Chaos hits markets as confidence crisis grows

Financial Fallout: Mixed global economic indicators unnerve investors and spectre of new crash looms.

A man looks at an electronic board at RTS stock exchange in Moscow yesterday as global markets swang wildly.
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Global markets swung wildly yesterday amid the worst crisis of confidence to hit investors since the global recession in 2008.

Markets ended higher across Europe, with the Euro Stoxx 600 gaining 3.2 per cent. The UK's FTSE 100 rose as much as 3.3 per cent and dipped up to 1.3 per cent before closing up 3.1 per cent. Germany's DAX index took a similarly jumpy ride before closing up 3.3 per cent.

The Standard & Poor's 500, a broad measure of US stocks, rose 2.7 per cent in early trading yesterday. New US jobless data showed the number of people claiming unemployment benefits dropped to a four-month low, beating economists' estimates.

Volatility has been the watchword in global markets recently.

US stocks rebounded sharply on Tuesday only to fall by almost as much on Wednesday and rise early yesterday. Economists say the swings underscore growing uncertainty in the face of mixed economic indicators from Europe, the US and Asia.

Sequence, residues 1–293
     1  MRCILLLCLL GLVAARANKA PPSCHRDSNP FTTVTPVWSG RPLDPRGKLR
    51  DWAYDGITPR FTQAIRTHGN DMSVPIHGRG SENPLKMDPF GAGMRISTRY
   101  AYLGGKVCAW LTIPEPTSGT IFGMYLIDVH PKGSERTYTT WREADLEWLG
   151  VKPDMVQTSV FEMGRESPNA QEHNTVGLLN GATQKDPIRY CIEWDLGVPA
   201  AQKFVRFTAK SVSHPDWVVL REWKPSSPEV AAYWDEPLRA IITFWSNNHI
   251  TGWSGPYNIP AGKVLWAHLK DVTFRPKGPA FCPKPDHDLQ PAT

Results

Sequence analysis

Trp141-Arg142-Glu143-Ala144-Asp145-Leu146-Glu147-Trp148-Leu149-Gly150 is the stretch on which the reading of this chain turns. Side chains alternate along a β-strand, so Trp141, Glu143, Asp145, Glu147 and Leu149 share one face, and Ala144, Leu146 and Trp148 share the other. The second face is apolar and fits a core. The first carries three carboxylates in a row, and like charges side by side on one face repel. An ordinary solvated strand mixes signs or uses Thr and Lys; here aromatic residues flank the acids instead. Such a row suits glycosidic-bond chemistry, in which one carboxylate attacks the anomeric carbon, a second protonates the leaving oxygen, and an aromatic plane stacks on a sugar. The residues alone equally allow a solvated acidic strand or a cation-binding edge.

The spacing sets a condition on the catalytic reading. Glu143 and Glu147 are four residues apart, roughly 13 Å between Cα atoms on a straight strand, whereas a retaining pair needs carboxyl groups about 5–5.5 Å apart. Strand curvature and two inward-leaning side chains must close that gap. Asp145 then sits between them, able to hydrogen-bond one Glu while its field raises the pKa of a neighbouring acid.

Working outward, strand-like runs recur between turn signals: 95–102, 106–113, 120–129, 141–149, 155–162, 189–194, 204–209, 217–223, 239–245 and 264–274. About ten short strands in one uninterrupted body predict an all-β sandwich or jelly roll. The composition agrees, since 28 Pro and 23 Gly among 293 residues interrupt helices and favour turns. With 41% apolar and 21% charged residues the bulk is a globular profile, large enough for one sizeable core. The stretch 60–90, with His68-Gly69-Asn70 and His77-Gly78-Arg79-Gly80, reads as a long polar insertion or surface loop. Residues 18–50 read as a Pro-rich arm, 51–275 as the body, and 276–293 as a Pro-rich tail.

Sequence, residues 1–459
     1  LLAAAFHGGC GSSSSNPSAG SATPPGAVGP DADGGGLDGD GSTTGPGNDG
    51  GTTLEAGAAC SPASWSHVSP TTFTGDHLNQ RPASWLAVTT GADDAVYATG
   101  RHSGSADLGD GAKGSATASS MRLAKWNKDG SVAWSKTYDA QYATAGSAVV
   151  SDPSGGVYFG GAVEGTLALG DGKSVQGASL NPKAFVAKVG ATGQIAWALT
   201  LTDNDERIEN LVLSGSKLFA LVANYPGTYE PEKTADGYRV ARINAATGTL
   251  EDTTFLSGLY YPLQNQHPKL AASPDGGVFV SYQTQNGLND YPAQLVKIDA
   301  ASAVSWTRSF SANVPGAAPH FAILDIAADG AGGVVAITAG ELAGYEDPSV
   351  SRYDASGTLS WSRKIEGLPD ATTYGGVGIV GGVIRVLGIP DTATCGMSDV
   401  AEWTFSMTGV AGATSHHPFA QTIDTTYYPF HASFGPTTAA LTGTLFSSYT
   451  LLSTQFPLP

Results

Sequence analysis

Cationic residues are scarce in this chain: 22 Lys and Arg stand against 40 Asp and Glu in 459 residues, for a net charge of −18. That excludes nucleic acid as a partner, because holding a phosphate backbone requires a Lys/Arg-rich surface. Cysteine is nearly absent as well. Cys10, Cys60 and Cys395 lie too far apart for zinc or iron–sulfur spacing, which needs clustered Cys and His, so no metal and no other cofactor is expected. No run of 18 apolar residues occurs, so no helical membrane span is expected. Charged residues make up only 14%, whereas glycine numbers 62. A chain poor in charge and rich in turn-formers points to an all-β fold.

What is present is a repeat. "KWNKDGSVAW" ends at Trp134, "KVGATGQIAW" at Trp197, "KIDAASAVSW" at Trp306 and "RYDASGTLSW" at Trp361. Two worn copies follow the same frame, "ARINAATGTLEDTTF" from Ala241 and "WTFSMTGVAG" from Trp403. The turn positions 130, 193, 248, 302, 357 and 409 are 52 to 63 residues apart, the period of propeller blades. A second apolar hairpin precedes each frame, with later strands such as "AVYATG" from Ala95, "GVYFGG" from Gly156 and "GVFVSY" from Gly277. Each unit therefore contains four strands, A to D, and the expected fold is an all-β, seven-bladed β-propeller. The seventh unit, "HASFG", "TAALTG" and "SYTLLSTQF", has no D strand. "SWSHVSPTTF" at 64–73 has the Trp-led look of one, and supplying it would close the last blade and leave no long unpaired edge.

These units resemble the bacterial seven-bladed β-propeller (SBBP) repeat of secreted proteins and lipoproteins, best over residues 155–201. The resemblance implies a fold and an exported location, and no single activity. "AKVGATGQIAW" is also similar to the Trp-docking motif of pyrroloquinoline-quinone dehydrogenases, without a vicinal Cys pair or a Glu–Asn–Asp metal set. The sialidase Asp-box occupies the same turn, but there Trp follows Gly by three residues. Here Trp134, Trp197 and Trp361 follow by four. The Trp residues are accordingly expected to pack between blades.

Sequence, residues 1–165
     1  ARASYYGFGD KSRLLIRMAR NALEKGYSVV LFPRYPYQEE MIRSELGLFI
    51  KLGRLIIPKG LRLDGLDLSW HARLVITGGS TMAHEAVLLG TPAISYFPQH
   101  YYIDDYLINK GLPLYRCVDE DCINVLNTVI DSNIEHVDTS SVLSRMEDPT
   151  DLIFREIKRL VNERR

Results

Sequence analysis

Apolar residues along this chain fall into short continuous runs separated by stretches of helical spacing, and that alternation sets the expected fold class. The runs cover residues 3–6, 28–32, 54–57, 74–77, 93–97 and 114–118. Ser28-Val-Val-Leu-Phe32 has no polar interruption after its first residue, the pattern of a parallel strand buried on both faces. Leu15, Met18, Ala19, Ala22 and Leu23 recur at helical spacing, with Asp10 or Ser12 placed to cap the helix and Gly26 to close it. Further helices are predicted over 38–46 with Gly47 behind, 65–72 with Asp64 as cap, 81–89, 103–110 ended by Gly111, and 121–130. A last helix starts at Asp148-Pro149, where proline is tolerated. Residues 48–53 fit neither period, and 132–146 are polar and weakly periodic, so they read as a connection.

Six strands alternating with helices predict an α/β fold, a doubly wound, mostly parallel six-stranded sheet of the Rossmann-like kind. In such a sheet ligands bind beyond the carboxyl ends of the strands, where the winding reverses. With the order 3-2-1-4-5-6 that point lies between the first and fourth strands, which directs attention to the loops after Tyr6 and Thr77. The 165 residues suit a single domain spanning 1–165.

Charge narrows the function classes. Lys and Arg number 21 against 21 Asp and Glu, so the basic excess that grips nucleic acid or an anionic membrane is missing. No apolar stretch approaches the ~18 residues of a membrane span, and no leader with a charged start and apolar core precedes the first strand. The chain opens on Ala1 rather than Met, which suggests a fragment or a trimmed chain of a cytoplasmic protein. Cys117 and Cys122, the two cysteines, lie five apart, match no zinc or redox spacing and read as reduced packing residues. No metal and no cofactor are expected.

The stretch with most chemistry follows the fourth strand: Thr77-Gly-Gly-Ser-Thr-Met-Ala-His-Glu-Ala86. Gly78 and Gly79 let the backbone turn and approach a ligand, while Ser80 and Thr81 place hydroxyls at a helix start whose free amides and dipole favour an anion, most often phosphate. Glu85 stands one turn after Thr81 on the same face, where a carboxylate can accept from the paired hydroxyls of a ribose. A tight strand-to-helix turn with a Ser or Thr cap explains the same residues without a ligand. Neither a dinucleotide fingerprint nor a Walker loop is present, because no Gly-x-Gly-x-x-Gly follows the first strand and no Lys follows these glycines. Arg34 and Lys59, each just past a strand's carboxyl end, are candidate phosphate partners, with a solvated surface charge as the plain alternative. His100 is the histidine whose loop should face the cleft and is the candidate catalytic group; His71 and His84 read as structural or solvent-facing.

"Investors are nervous and there is a lot of volatility," said Dr Giyas Gokkent, the chief economist at National Bank of Abu Dhabi. "In the case of the US markets, they have pretty much doubled since 2009, and with that in mind, is a correction healthy? Probably so."

The market sell-off that has sent the US's Dow Jones Industrial Average down by more than 15 per cent since July 21 comes as worry intensifies over the health of economies in the US, Europe and Asia.

In the US, data last week showing companies were hiring more people was balanced against slower consumer spending figures and weak manufacturing activity.

The country's credit rating was also downgraded on Friday by S&P, which spooked markets. Earlier this week, the US Federal Reserve pledged to keep interest rates near zero until at least 2013, an announcement cheered by investors.

Europe, meanwhile, is contending with a sovereign debt crisis policymakers are straining to resolve.

After bailing out Greece and extending aid to other troubled countries on the continent's periphery, European leaders are weighing the spread of the crisis to Spain and Italy.

The European Central Bank recently restarted a bond-buying programme to prop up Spanish and Italian debt prices even as fears rose that France's top "AAA" credit rating might be under threat.

Nicolas Sarkozy, the French president, and Angela Merkel, the German chancellor, are to meet next week to discuss their next steps to contain the growing crisis. The leaders said yesterday they would talk about Europe's economic governance as pressure increases for them to pump more money into a euro-zone bailout fund.